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  • About
  • The Global ETD Search service is a free service for researchers to find electronic theses and dissertations. This service is provided by the Networked Digital Library of Theses and Dissertations.
    Our metadata is collected from universities around the world. If you manage a university/consortium/country archive and want to be added, details can be found on the NDLTD website.

Streets as social spaces: evaluation of the Green Light Midtown Project, New York

Bhimarazu, Sravanti January 1900 (has links)
Master of Regional and Community Planning / Department of Landscape Architecture/Regional and Community Planning / Jason Brody / This report evaluates the success of the Green Light for Midtown in New York in order to understand the factors that led to its success and thereby determine how social spaces can be created along streets and the initiatives that can be taken by other cities to create such spaces. It begins with a review of historical trends of urbanization that shifted the focus on streets from open spaces to transportation networks. The report attempts to answer a two-fold research question. Firstly, the Green Light for Midtown project in New York that attempted to reinvent the public space on Broadway and Times Square is evaluated in depth to examine the design elements that resulted in a thriving public space. This is done with the help of documents produced by the city and the concerned organizations as well as interviews with the officials in charge of the project. Analysis of the Green Light for Midtown illustrates certain elements that are essential for the design of social spaces along streets and bring the focus back on the pedestrians. Through the second part of the research question, the report attempts to determine the lessons that can be learnt from the New York example. The study reveals certain key elements for the creation of successful public spaces along streets in urban areas. The primary element is to have a political will that enable these changes to take place in the public realm. In addition, the area should be able to maintain a competitive edge in order to attract people and keep them coming back to the area. Finally, the regulations should be made more specific to the context of the area so that the identity of the place can be maintained effectively.

Asset building for communities and youth

Fouch, Jessica January 1900 (has links)
Master of Regional and Community Planning / Department of Landscape Architecture/Regional and Community Planning / John W. Keller / This report reviews asset building for communities to promote youth healthy development. It addresses a comprehensive approach to youth development by engaging all members and sectors of a community. Bellevue, Washington is a community nationally recognized for its collective approach to tackling issues faced by their youth. The Search Institute’s 40 Developmental Assets 1997 Survey showed Bellevue youth possessed less than 50% of the developmental assets necessary to become responsible adults. Since receiving these results, Bellevue has continued working to improve the lives of youth in their community by utilizing the knowledge and resources of community members, organizations, and institutions. For this report, Bellevue’s collective engagement was analyzed to identify which developmental assets youth could obtain through participation, support, and engagement in various community sectors. Bellevue was used as a case study for an asset building community for youth, to determine what makes a great community for youth to live and thrive.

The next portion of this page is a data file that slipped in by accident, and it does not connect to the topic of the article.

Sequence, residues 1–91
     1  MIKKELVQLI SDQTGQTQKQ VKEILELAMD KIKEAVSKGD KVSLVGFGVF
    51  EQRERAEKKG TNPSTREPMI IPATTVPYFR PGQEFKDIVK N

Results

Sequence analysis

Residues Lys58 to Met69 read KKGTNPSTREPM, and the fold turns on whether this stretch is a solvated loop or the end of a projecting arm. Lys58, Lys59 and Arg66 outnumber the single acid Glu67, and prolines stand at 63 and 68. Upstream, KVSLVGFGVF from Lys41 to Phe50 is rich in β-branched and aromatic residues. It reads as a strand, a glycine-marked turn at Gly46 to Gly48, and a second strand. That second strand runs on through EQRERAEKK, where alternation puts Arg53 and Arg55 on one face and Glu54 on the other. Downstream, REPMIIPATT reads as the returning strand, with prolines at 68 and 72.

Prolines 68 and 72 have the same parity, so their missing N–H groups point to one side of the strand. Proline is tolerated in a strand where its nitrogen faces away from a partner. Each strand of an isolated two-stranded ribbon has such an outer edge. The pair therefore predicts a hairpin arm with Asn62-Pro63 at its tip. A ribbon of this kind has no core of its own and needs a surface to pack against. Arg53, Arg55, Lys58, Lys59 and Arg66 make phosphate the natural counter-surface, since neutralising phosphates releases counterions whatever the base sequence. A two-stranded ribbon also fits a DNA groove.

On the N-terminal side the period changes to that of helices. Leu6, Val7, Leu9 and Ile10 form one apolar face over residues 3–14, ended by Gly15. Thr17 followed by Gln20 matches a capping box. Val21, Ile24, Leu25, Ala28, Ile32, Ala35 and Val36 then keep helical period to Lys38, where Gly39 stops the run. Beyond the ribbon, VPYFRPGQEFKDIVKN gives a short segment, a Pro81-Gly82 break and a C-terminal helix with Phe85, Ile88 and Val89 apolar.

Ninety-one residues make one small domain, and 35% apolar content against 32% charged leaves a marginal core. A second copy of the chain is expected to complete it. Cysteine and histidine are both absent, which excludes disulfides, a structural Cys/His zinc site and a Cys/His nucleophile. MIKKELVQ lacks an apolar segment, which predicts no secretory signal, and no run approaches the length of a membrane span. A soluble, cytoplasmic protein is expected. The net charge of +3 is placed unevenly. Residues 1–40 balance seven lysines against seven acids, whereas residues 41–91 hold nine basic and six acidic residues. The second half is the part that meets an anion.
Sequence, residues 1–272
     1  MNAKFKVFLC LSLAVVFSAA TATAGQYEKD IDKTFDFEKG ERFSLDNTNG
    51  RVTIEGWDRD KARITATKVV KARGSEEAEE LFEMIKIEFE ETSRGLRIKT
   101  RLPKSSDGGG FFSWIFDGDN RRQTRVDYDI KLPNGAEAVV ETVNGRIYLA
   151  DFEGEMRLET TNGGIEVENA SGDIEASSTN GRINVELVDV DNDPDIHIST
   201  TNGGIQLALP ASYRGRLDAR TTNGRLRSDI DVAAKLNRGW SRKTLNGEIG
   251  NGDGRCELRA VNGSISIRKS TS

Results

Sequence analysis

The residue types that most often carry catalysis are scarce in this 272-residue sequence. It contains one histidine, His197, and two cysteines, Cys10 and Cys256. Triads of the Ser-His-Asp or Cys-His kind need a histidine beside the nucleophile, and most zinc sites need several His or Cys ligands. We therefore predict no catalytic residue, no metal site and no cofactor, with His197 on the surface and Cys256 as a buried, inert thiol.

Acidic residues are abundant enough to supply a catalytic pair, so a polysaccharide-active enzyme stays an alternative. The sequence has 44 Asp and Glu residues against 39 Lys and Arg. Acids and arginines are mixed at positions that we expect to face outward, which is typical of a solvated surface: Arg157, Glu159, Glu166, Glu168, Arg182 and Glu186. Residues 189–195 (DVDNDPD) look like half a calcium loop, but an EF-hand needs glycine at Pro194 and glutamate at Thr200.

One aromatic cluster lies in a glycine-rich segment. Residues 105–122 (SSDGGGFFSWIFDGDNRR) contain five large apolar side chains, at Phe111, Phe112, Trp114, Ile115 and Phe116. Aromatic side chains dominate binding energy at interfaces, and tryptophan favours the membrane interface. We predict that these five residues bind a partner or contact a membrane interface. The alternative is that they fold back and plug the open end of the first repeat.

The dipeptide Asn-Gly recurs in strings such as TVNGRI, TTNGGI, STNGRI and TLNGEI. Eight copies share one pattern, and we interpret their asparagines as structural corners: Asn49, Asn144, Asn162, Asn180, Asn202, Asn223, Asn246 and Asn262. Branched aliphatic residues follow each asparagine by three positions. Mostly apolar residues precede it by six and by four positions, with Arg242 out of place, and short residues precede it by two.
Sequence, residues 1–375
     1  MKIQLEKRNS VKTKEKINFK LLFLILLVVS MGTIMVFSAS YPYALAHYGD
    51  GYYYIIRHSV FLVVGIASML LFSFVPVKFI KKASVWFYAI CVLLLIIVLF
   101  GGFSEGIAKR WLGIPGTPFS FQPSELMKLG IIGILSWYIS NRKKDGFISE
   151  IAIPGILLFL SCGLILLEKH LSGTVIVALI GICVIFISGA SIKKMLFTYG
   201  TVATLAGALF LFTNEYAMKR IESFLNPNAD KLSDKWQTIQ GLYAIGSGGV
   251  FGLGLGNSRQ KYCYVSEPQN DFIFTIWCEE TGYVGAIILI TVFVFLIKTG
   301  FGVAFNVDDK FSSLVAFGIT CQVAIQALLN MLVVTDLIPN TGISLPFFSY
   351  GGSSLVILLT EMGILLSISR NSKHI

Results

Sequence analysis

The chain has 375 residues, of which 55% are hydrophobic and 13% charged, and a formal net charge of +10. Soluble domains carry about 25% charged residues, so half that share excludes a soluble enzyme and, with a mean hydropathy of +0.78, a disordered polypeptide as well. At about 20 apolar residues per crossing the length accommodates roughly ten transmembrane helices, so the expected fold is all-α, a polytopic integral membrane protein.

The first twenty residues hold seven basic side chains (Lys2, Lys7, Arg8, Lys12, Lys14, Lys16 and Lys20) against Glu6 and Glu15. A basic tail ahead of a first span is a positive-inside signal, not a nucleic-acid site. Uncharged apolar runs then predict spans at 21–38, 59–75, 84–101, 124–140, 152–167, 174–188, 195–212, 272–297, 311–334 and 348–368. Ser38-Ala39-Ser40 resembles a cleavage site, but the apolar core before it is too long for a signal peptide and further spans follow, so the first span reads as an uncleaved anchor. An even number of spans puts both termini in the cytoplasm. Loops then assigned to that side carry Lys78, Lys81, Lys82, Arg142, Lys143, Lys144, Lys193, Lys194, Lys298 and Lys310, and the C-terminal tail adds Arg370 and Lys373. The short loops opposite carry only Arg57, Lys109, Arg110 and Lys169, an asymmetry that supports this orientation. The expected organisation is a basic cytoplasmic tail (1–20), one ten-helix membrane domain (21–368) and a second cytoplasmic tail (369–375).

An analysis of the Topeka Kansas downtown district to determine a process of rejuvenation

Munz-Pritchard, Christine Patricia January 1900 (has links)
Master of Regional and Community Planning / Department of Architecture and Regional and Community Planning / John W. Keller / This report is a reconnaissance analysis of the Topeka, Kansas downtown district to determine a process of rejuvenation. Many office buildings are established in or near the downtown core, and bring an estimated 30,000 employees to the area; however, after 5:00 PM much of the work force leaves the downtown making it difficult for retail and entertainment businesses to stay open. The purpose of this study is to analyze the downtown district of Topeka in terms of its strengths and weaknesses, and determine the steps that must be taken before a process of rejuvenation can occur. To accomplish this, the study examines strategic data such as a workforce profile, location information, public facilities, historical and current demographics of the city, along with specific information on the downtown area such as past and present plans for renovation. This analysis also includes current plans in the downtown and how they might impact the future physical development of the central core of downtown Topeka such as the potential realignment of Interstate 70. The key to making any downtown project a success is to acknowledge the weaknesses and threats of the area and to recast them as potential opportunities and strengths for the area. This is why the study has a building survey and a S.W.O.T. (Strengths, Weaknesses, Opportunities, and Strengths) analysis.